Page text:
Punched tape or perforated tape was an early form of data storage, developed from interlinked cards such as those used on the Jacquard loom.
In 1846, punched tape was used for sending telegrams. Operators could type a message to the paper tape, and then sent the message at the maximum line speed from the tape.
Various encoding schemes were used over time, beginning with Baudot with 5 holes, and culminating in ASCII. A row of narrower holes served to feed the tape.
When the first minicomputers were being released, manufacturers turned to the existing mass-produced ASCII teleprinters and punched tape became a popular medium for low cost minicomputer data and program storage. Punched tape and punched cards became the primary means of mass storage for computers in the 1960s.
In the 1970s, computer-aided manufacturing equipment often used paper tape, as paper tape readers were smaller and much less expensive than punched card or magnetic tape readers. Premium black waxed and lubricated long-fibre papers, and Mylar film tape were invented so that production tapes for these machines would last longer.
Punched tape had a low information density and took a long time to load, and more than a few dozen kilobytes are impractical to handle in punched tape format. Unlike magnetic tape though, punched tape can be read decades later if acid-free paper or Mylar film was used, and can even be decoded visually if necessary.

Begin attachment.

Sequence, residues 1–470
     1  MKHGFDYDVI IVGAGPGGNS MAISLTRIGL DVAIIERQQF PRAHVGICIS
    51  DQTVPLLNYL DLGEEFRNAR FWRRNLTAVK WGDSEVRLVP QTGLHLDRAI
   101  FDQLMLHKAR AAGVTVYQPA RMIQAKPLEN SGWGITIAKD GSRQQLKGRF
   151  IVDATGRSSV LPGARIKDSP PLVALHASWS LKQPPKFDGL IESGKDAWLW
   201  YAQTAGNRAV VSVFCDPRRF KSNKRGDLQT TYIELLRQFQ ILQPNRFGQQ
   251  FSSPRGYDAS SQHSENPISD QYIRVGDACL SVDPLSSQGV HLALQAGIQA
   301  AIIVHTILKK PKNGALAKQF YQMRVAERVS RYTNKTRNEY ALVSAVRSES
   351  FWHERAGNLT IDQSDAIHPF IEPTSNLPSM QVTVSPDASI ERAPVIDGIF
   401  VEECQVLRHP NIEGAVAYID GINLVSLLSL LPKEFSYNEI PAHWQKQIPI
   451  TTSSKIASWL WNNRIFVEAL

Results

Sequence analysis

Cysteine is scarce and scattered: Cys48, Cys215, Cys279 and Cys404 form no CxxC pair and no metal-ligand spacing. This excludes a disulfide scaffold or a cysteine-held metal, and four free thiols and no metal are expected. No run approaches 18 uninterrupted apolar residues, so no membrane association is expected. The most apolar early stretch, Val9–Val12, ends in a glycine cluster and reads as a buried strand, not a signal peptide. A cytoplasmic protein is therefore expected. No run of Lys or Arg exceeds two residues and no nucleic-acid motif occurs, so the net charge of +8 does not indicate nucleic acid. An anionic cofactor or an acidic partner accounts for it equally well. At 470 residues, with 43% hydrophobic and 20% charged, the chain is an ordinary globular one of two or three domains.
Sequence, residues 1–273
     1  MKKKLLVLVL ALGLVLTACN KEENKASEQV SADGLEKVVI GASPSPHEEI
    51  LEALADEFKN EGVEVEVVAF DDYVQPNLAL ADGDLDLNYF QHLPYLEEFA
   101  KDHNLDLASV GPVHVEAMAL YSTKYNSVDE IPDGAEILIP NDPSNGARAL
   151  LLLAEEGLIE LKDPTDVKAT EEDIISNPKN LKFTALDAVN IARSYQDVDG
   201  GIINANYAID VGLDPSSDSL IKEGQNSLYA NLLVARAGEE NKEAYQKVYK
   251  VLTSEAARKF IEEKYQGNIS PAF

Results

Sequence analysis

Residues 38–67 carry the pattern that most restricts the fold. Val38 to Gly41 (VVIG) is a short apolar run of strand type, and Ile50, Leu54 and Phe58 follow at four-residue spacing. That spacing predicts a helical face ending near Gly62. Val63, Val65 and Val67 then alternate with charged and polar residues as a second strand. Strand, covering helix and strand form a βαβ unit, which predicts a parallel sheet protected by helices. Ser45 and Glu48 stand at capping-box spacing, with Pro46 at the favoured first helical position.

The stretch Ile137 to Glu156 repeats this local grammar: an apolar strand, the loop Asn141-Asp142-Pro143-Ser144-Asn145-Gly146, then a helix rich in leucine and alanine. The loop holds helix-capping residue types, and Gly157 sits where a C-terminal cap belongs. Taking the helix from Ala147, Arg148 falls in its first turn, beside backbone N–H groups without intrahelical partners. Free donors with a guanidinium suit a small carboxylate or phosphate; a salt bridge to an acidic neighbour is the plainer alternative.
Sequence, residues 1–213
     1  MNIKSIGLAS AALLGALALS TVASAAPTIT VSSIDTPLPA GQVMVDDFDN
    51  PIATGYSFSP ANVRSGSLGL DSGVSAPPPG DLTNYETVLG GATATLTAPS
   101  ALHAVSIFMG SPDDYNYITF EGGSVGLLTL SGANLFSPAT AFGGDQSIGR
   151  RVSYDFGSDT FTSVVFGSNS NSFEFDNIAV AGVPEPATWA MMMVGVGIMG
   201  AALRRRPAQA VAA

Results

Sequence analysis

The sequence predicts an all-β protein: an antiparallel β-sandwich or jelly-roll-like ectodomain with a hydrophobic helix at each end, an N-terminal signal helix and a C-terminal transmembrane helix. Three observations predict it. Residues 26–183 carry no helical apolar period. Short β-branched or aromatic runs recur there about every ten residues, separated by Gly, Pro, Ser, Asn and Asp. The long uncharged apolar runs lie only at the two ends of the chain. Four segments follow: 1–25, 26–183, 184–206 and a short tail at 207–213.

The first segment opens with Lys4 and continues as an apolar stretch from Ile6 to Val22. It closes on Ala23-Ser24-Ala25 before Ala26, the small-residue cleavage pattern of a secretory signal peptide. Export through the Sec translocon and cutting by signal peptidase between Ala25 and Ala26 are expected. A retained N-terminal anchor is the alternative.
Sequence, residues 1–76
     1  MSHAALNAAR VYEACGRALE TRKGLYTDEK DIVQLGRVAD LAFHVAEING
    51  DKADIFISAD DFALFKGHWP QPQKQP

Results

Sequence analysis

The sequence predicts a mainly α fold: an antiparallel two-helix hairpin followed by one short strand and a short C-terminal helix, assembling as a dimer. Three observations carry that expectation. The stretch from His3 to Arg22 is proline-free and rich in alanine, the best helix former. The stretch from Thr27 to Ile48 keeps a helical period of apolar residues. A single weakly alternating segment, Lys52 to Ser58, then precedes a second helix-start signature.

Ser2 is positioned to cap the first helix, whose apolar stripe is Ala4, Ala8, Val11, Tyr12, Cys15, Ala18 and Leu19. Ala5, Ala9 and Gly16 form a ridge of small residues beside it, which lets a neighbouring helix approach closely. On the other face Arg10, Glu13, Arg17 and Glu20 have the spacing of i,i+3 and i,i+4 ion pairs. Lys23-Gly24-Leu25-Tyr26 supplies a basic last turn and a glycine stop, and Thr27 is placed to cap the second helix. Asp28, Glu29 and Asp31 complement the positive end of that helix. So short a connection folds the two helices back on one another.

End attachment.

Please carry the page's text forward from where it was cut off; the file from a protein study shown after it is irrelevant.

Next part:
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A piano roll is a music storage medium used to operate a player piano, piano player or reproducing piano consisting of a continuous roll of paper with perforations punched into it. The roll moves over a reading system known as a ‘tracker bar’ and the playing cycle for each musical note is triggered when a perforation crosses the bar and is read. Rolls play at a specific, marked speed, where for example, 70 signifies 7 feet of paper travel in one minute.
The first paper rolls were used commercially by Welte & Sons in their Orchestrions beginning in 1883. The popularity of piano rolls peaked between 1900 and 1927.
The majority of piano rolls play on three distinct musical scales. The 65-note (with a playing range of A-1 to C#7) format was introduced in 1896 in the USA specifically for piano music. In 1900 a USA format playing all 88-notes of the standard piano scale was introduced. In 1902 a German 72-note scale (F-1, G-1 to E7) was introduced. All of these scales were subject to being operated by piano rolls of varying dimensions. The 1909 Buffalo Convention of US manufacturers standardized the US industry to the 88-note scale and fixed the physical dimensions for that scale.
Piano rolls were in continuous mass production up to 2008, being replaced by MIDI files that accomplish digitally what piano rolls do mechanically.
Metronomic or arranged rolls are rolls produced by positioning the music slots without real-time input, whereas hand played rolls are created by capturing in real-time the hand-played performance of one or more pianists upon a piano connected to a recording machine. Reproducing rolls are the same as hand-played rolls but have additional control codes to operate the dynamic modifying systems of the specific brand of piano it is designed to be played back on.